SUNDAY FUN DAY / DIANNA FUEMANA
By Victor Rodger
Dianna Fuemana used to be a single parent on the DPB, watching soap operas like The Young and the Restless, dreaming of a better life.
Did she ever envisage the soap opera like turns her own life would take after she burst onto the theatre scene in 1999 with her critically acclaimed one woman show, Mapaki, elbowing her way through the male dominated Pacific theatre field to put female Pacific characters front and centre?
Since then her plays have been performed in Los Angeles, Toronto, Pago Pago, Athens, Niue and Edinburgh as well as throughout New Zealand.
In 2O12 she spent three months in New York as an intern with Killer Films who produced such Oscar winning hits as Boys Don’t Cry and Still Alice.
And as the partner of Kiwi actor Jay Ryan (best known for Beauty at the Beast and Go Girls) she has found herself in the pages of the very magazines she herself used to flick through back in her DPB days.
Now comes the latest chapter in her story as her debut short film, Sunday Fun Day, premieres this weekend in Auckland at the New Zealand International Film Festival. And once again Fuemana is elbowing the boys aside to join the still small, but growing field of Pacific women in film.
Fuemana both wrote and directed Sunday Fun Day which is a heartfelt and sometimes provocative exploration of what it means to be a mother; the story of a solo mother’s love and sacrifice for her transgender teenager.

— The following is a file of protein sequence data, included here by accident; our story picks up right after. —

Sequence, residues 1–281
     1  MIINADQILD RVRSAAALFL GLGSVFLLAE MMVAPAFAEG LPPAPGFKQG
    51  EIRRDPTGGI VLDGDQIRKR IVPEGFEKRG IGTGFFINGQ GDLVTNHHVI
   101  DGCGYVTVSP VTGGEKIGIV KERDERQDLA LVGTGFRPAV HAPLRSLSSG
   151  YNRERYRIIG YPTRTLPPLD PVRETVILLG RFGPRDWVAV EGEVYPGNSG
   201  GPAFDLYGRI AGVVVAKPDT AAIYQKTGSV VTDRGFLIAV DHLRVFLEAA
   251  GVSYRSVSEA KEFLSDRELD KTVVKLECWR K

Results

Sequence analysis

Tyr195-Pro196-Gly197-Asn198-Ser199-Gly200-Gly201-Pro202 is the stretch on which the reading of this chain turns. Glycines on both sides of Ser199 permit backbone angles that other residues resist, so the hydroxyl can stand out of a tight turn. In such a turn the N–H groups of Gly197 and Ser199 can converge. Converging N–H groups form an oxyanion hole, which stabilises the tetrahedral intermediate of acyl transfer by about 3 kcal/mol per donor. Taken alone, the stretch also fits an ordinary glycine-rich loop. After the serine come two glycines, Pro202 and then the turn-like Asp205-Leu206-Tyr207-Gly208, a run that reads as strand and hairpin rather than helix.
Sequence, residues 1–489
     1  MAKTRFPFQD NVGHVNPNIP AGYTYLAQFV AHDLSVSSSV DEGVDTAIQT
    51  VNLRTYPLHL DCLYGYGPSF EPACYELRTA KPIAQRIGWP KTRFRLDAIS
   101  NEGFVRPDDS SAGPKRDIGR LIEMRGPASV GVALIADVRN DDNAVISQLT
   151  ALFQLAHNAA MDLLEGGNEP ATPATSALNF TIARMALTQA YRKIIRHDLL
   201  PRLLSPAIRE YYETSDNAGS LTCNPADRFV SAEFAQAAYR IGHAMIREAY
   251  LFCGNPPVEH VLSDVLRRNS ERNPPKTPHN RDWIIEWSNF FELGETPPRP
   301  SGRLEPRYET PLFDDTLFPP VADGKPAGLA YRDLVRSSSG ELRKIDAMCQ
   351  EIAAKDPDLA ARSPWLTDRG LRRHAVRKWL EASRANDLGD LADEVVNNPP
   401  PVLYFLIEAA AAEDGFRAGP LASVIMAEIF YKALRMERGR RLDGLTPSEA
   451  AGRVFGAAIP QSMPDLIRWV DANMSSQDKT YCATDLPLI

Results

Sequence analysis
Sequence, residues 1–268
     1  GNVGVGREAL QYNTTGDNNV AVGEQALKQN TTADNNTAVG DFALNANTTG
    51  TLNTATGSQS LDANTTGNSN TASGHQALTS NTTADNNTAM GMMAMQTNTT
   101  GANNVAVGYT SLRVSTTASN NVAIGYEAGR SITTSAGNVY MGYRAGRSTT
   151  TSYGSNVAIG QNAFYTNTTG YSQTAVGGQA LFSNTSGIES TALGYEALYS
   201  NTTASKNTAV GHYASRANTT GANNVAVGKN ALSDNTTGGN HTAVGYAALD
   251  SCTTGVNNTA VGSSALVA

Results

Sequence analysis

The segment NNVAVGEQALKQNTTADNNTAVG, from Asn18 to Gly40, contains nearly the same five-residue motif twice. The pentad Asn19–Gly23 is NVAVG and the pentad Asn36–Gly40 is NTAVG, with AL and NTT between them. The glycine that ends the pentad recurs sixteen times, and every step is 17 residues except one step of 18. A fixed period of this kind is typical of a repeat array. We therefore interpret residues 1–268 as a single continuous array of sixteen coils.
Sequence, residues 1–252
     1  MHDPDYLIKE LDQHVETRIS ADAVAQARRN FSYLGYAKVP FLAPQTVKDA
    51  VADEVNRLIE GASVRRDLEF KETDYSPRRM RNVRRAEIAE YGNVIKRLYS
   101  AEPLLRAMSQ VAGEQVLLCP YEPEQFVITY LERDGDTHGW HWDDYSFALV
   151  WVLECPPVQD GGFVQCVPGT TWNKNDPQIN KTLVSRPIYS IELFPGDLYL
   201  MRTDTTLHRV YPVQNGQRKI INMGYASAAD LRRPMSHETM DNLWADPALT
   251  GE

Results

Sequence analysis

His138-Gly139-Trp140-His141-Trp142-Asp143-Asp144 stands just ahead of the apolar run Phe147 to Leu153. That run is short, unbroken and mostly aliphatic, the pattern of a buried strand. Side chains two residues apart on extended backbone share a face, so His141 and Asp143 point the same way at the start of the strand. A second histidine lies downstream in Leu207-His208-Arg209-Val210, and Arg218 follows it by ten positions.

“This story came from the feeling of ‘vulnerability,’ as a mother raising teens,” says Fuemana. “From my experience, teens don’t really understand vulnerability from a mother’s perspective. We have a load of films in New Zealand that focus on the child’s perspective but not from the strength and humor of a mother’s.
The film is headlined by her long time friends, Fiona Collins from The Orator and fellow Niuean Shimpal Lelisi from Sione’s Wedding. It also features her niece and nephew amongst the cast and partner Ryan also serves as the film’s producer.
In one of the film’s most startling scenes, Collins and Lelisi engage in a sweaty, sex session in the back of his car and it’s a scene of which Fuemana is rightly proud.
“I wanted to portray the image of this Pasifika woman as ‘large in charge’, sexy and vulnerable. I've never seen an image like that on screen or stage for that matter. Its all about sensuality in the primal feast of our lives as women.”
In the almost 2O years since Sima Urale made history as the first female director of Pacific descent to direct a feature film with Apron Strings, no Pacifica woman has yet managed the same feat.
Could Fuemana, perhaps, be next? Sunday Fun Day certainly puts her in the running.
Watch this space.
Sunday Fun Day is shown as part of the Ngā Whanaunga Māori Pasifika Shorts in the New Zealand international Film Festival on Saturday 22 July 6pm at ASB Waterfront Theatre.
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